MBTI is certainly well-known, well marketed and widely used, but does that necessarily mean that it works as well as it should?
Like many providers, we have been exposed to and made use of a bewildering array of models and tools in our 25 years or so of operation (including Belbin, Myers Briggs, LSI, TMS, HBDI etc, etc).
We can therefore comment with some experience on the benefits and limitations of them in terms of the actual impact and uptake by the clients when they actually hit the "real world".
One model that gets discussed a great deal is of course the "Myers Briggs Type Indicator" often referred to simply as "MBTI". As we know it’s been around a long time and for many it serves as a useful indicator of their preferences (across its four major dichotomies and thence where they may fall amongst the 16 major types).
We would argue that whilst it might be nice in a discussion about self development, that its applicability to cutting edge team and leadership development in the 21st century are now somewhat limited. A great recent UK article puts it rather well and is worthy of a quick read http://www.theguardian.com/science/brain-flapping/2013/mar/19/myers-briggs-test-unscientific .
Whilst there is much debate over the overall validity and reliability of the model (depending upon whether a person subscribes to Jung’s theories that underpin the model, and then whether these were accurately applied or not by Myers and Briggs?) it does have a long track record for self-development and awareness. Its detractors though now seem to be outweighing its advocates.
When well presented it can certainly get people thinking about what might drive themselves and others to think, feel and approach the world the way that they do. Lovely stuff, but how does this really help me at work with a hostile meeting or a team under pressure?
We would argue that when the “rubber hits the road” not a great deal at all. Unless you can really climb inside somebodies head, their MBTI profile (whether accurate or not) may not be evident at all in the behavior that is manifesting, and that you have to deal with.
There’s certainly nothing wrong with seeking to explore your “inner world” and to then try and grasp what might drive and actuate those of others. In reality though we find that MBTI as a model and tool is just a little too complex, unwieldy and ethereal to help under real world pressures (particularly with more “street-wise” teams demanding more pragmatism and less theory).
Amongst the limitations we have seen over the years are…
Alphabet Soup and Dichotomies?
In even its simplest terms many people simply cannot speak the language of MBTI reliably within even days of having done a course.Under real world stress people may be able to recall .The letter-based terminology and its deeper implications can befuddle those not intended to work with such a model on a daily basis.Usually we find its only the biggest fans of this model that recall much of it at all a few weeks down the track.It therefore has far less chance of making it into genuine “day to day” scenarios and solving the pressing inter-personal clashes that can impact execution on a daily basis.The very concept of “dichotomies” is also a struggle for many busy people attending work related programmes and seeking practical tools that can be deployed in developing teams and relationships.We have seen many sets of eyes glaze over from all but the most ardent observers of the human condition on any MBTI related programmes.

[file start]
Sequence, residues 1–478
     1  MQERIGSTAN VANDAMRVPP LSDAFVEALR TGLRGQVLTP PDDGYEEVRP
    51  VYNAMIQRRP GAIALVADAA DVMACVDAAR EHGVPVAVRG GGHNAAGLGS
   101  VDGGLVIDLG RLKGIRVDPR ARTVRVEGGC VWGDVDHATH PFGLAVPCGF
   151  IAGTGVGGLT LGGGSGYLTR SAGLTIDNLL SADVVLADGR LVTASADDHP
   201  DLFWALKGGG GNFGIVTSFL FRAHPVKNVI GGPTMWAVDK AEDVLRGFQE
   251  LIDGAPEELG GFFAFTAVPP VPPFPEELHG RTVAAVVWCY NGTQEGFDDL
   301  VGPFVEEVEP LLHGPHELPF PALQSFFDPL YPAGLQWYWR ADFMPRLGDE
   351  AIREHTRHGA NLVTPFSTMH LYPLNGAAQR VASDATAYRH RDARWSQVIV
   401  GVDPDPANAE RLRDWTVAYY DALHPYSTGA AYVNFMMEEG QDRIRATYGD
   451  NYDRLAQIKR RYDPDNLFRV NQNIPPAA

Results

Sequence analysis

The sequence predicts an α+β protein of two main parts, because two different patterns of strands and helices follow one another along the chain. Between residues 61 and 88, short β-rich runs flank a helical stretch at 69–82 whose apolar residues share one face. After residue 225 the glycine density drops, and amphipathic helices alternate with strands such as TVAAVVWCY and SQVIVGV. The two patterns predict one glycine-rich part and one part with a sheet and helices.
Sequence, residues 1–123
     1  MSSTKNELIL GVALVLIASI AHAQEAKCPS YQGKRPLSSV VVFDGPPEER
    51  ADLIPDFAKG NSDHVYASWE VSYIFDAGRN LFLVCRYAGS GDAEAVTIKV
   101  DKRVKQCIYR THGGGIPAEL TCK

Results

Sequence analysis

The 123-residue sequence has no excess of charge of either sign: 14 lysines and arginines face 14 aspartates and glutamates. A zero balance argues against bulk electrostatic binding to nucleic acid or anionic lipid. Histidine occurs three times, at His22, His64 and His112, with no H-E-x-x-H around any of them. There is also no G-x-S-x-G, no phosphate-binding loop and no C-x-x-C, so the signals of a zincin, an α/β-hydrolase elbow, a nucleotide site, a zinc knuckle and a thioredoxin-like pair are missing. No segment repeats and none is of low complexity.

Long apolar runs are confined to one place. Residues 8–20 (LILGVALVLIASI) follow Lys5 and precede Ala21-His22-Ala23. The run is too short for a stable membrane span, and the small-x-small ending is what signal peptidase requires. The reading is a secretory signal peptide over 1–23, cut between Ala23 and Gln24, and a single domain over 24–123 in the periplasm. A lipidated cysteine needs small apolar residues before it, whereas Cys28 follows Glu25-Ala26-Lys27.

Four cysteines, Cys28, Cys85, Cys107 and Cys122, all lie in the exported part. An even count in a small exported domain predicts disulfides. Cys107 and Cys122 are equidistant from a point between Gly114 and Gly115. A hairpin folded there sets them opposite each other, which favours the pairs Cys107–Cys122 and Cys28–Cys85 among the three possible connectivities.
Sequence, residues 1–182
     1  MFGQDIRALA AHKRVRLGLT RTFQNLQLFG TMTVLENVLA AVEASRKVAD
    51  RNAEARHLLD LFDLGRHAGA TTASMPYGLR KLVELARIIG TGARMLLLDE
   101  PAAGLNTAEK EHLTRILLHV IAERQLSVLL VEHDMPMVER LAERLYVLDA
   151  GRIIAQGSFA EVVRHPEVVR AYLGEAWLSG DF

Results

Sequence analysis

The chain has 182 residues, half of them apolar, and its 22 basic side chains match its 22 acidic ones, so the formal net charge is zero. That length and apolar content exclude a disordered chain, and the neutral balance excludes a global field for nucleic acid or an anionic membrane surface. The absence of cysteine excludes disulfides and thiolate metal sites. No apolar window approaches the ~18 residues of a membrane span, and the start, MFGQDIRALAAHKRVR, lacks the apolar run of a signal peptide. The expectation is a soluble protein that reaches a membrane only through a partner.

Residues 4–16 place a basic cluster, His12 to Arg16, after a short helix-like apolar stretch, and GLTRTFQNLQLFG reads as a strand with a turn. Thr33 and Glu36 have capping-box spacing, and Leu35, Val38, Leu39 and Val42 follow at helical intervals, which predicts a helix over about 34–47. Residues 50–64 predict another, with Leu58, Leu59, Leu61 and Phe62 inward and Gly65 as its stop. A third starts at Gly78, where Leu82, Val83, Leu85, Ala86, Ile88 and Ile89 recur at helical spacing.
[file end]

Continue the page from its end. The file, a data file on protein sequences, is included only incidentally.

Self observation doesn’t always match actual behavior
MBTI relies upon “self observation” alone and many people, especially those with less than perfect self-awareness, will incorrectly “type” themselves. Moreover even with an accurate profile, type does not necessarily measure the actual behaviours that people are projecting regularly at work. It’s these behaviours that people actually observe that will powerfully impact upon relationships, planning and execution. It’s therefore these that the business world benefits most from working with. There is also much concern about the validity of the way MBTI measures the dichotomies in such a “black and white” scale, when human beings are usually many “shades of grey” in terms of the complexities that underpin both personality and behavior.
Zealotry and Inflexibility
Experience across the years has shown us that all too often a particular tool or model can be used in the style of a “zealous ideology”, as opposed to another useful tool in the toolbox. Such practitioners seem incapable of suffering any critique of its limitations, almost to the extremes of having cognitive dissonance when challenged in any way about glaring inaccuracies or miss-matched profiles.This can have present some inherent dangers when emerging research (particularly in neuroscience and social science) openly contradict many previous assumptions about the way personality and behavior manifests in teams.MBTI has a reputation for having amongst the most zealous practitioners in this regard, and the arising inflexibility can often make it hard to adapt when new approaches are required to team and leadership development.
Sabre has certainly used many models over the years, and remains happy to use and work with them still at client request, but cannot conceal that we have a favourite.
One of the single biggest reasons that we continue to use and promote the Belbin Team Role Model is that we simply know that it works and regularly see practical and real world solutions arising from it even years after a programme has been completed with a client.
For our clients, we just know that for team and leadership development we are only rated as highly as our last programme was effective or not, and we are happy to tie our professional reputation to Belbin.
See our Belbin Site.